• Cheeky

    I think he will be fine, think we can give him a mulligan due to injury and bounce between both leagues (and first pro year). Hopefully we hire a good goalie coach to work with him (keep Sigalet far away), let him get settled and hopefully injury free. High hopes on this one, he will be fine…

    • FL?MES

      Yup, fresh meat for Sigalet to sink his teeth into. I’m sure if Parsons has any weaknesses Sigalet will find them…

      It’s time to finish cleaning house Tre. The goalie carousel is an obvious problem and it has dragged on far too long.

    • cjc

      The Sigalet sucks narrative isn’t founded in fact. Let’s look at how he has handled Flames goalies in Calgary and The AHL:

      Mike Smith: 0.916% in Calgary (career .913)
      Brian Elliott: 0.910% in Calgary (career .912), but numbers worse since leaving.
      Chad Johnson: 0.910 in Calgary (career.910), numbers worse since leaving.
      Karri Ramo: .910% in Calgary (career .906)
      Jonas Hiller: .905% in Calgary (career .914), but that masks a stellar season that got Calgary to the playoffs (.918) and one that was ruined by injury (.879).

      Joni Ortio: Did really well in Abby under Sigalet (0.926%) but struggled after Sigalet left (.906%). Ortio’s NHL numbers improved under Sigalet (.904%) relative to whoever the goalie coach was in 2013-2014 (.891%).

      I think the problem is more that Calgary has been relying on old and/or mediocre goalies to get by, rather than anything Sigalet is doing. Sigalet, at worst seems to be having a neutral effect on the goalies.

      • cjc

        Also wanted to add, I don’t think we should give goalie coaches too much credit, good or bad… it’s nigh on impossible to statistically separate their impact on goalie performance.

      • Cheeky

        You’re right cjc. We should have kept Cameron as he didn’t really impact PP right? Watch our goalies during his time here and you will see a common theme with all these big goalies going down and staying down and being beat up high. Somehow he has survived the 2 last coaches, do some research on him and his experience and success (or lack there of). Yes Sigalet did good things with AHL goalies but that is a different league to NHL (remember both GG and Cameron were decent AHL coaches), success at some levels don’t always follow to other leagues just like successful junior/AHL players aren’t always stars in NHL. Trash away but Wash and NYR have it figured out…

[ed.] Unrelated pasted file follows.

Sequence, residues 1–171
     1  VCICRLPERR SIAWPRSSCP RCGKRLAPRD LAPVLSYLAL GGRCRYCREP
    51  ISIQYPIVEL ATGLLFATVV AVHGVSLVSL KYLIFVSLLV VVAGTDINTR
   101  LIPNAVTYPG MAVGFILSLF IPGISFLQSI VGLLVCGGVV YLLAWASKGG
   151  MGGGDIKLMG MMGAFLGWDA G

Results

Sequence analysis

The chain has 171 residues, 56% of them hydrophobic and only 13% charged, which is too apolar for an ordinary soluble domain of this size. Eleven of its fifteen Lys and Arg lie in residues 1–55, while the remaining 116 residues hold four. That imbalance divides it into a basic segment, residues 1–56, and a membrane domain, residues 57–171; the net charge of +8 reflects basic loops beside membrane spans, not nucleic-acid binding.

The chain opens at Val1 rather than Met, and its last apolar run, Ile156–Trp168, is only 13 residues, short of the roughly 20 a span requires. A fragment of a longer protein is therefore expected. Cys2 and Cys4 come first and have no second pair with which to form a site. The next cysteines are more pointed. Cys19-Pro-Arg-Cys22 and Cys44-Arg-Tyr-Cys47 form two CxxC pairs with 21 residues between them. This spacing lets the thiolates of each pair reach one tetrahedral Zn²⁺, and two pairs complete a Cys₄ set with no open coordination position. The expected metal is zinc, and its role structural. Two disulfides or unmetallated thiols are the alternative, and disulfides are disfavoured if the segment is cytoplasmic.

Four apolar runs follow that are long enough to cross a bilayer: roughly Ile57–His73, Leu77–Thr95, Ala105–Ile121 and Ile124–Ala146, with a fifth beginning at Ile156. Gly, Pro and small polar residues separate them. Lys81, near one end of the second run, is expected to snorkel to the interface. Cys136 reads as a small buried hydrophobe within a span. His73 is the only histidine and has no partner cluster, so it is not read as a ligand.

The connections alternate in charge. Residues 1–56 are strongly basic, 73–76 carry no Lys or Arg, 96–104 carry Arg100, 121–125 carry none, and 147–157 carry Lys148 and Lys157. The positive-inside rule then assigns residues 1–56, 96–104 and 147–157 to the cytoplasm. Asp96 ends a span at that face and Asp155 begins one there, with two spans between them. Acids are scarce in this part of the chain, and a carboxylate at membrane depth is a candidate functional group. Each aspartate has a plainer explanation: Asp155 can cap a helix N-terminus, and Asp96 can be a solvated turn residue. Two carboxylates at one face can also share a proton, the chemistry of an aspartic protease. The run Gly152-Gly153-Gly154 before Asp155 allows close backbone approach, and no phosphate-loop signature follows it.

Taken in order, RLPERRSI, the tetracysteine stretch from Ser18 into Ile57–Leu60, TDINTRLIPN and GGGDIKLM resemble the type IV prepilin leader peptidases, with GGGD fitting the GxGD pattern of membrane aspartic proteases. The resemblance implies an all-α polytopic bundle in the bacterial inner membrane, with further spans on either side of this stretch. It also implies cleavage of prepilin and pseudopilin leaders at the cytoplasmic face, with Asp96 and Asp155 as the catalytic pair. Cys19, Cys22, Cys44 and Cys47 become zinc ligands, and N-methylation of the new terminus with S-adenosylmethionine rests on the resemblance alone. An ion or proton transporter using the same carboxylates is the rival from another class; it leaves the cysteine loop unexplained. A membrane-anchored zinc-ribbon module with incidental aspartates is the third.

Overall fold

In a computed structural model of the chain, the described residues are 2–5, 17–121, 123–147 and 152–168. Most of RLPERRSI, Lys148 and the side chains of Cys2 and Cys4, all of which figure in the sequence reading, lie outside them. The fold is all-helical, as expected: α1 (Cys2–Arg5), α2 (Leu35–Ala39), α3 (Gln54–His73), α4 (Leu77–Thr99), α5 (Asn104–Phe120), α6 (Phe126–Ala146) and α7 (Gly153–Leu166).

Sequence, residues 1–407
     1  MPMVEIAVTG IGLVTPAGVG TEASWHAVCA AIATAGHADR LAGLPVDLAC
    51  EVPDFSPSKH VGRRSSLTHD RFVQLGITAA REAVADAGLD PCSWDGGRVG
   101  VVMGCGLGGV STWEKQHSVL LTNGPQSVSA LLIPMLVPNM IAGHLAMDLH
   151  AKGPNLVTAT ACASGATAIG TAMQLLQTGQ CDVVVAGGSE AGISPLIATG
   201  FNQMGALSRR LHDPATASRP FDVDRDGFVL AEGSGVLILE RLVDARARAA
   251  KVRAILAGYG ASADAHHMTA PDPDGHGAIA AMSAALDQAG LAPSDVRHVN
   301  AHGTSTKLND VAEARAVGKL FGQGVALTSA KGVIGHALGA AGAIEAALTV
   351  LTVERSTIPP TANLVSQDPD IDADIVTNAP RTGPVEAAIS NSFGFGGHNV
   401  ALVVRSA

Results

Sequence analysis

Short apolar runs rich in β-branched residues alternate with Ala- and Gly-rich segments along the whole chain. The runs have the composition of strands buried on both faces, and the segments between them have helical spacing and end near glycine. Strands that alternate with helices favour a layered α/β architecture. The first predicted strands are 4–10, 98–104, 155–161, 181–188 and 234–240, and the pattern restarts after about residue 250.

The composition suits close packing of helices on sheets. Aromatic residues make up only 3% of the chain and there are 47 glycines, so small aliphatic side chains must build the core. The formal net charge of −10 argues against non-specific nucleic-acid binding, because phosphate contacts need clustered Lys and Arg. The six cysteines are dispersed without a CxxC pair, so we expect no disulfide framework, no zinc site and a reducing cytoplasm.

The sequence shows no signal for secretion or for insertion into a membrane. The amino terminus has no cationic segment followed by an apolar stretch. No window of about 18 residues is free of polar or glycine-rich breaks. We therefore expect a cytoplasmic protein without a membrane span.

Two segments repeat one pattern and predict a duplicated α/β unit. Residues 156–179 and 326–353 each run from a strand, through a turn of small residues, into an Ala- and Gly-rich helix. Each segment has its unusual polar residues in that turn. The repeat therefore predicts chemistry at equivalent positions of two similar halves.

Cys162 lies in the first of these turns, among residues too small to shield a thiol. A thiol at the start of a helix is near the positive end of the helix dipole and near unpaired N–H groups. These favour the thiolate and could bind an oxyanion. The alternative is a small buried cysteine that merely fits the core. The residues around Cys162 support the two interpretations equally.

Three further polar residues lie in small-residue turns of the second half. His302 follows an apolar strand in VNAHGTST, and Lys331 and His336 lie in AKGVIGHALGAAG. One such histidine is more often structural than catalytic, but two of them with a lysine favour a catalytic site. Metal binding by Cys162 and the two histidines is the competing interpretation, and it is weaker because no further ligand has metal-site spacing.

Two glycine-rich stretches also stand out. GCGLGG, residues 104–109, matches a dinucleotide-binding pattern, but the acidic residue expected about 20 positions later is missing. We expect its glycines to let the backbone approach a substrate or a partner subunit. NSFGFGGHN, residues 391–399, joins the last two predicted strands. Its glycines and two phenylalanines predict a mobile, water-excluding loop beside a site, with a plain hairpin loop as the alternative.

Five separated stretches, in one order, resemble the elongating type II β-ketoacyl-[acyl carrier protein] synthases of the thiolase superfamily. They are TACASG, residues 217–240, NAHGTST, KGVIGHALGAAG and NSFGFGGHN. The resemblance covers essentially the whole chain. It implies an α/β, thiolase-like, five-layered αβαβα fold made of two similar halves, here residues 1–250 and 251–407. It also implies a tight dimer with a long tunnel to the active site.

• Mickey O

          Jon Gillies is 6’5, but tries his very hardest to look as small as possible – be that on his knees or crouched down in net. Jordan Sigalet is 6’1, maybe he doesn’t know how to coach a tall goalie because he doesn’t have the same frame of reference.

          Jordan Sigalet is never going to mentioned in the same breath as great goalie coaches, so now is a perfect time to move on.

          • cjc

            and who are these great goalie coaches of whom you speak? Are they great because they had a chance to work with the best?

            All I’m saying is that goalie coaches are like, the 23rd biggest problem this organization needs to deal with. It doesn’t matter how good your goalie coach is if you keep giving them old and/or meh goalies to work with.

        • cjc

          I am sure you have spent hours watching Sigalet work with goalies at practice, and know exactly what his philosophy is. Plus there are all of those TV interviews he does. Also, Washington has Braden Holtby and The Rangers have a future HHoFer in Lundquist. Those guys are just good, they are not a product of good goalie coaches. No disrespect to Smith, but he isn’t on the same level as those two.

          Cameron, I was all in favour of not hiring, and you don’t need to look hard to find data that shows he shouldn’t run your power play.

          • Baalzamon

            Also, Washington has Braden Holtby and The Rangers have a future HHoFer in Lundquist. Those guys are just good, they are not a product of good goalie coaches. No disrespect to Smith, but he isn’t on the same level as those two.

            I agree with all of this, but a point of interest here is that Smith had the best save % of the three this season.

            Just saying.

  • FL?MES

    Goalies are creatures of habit. How could the organization think that bouncing him back and forth would be good for his development? Travelling alone probably wore the poor guy out.

  • Fat Tony

    This guy is the is what the Flames organization has been waiting for. It may take some time but he has the skills and the pedigree to become a future #1. Jonathan Quick, who Parsons molds his game after, didn’t start out as an elite goaltender. He worked at his craft everyday and earned that recognition. If Parsons can stay healthy and find some consistent time between the pipes then bridging the gap becomes our only concern (from a goal tending perspective of course).

    • JMK

      I’ve seen the Quick comparison quite so I checked his development stats. Quick’s draft +3 season was in split between AHL, ECHL & brief stint in NHL. ECHL numbers were 2.79 GAA and .905 sv% in 38 games played. AHL numbers were pretty good with 2.32 GAA and .922 sv% in 19 games. So his ECHL weren’t that much better than Parsons draft +2 numbers. I really like this kid, he’s competitive and athletic. Injuries have been frequent enough but sometimes players have a spell of injuries due to imbalances caused by the first one and it sets off a chain reaction, especially when these kids are playing through injuries to get drafted, make pro etc. Excited to see where he’s at next season.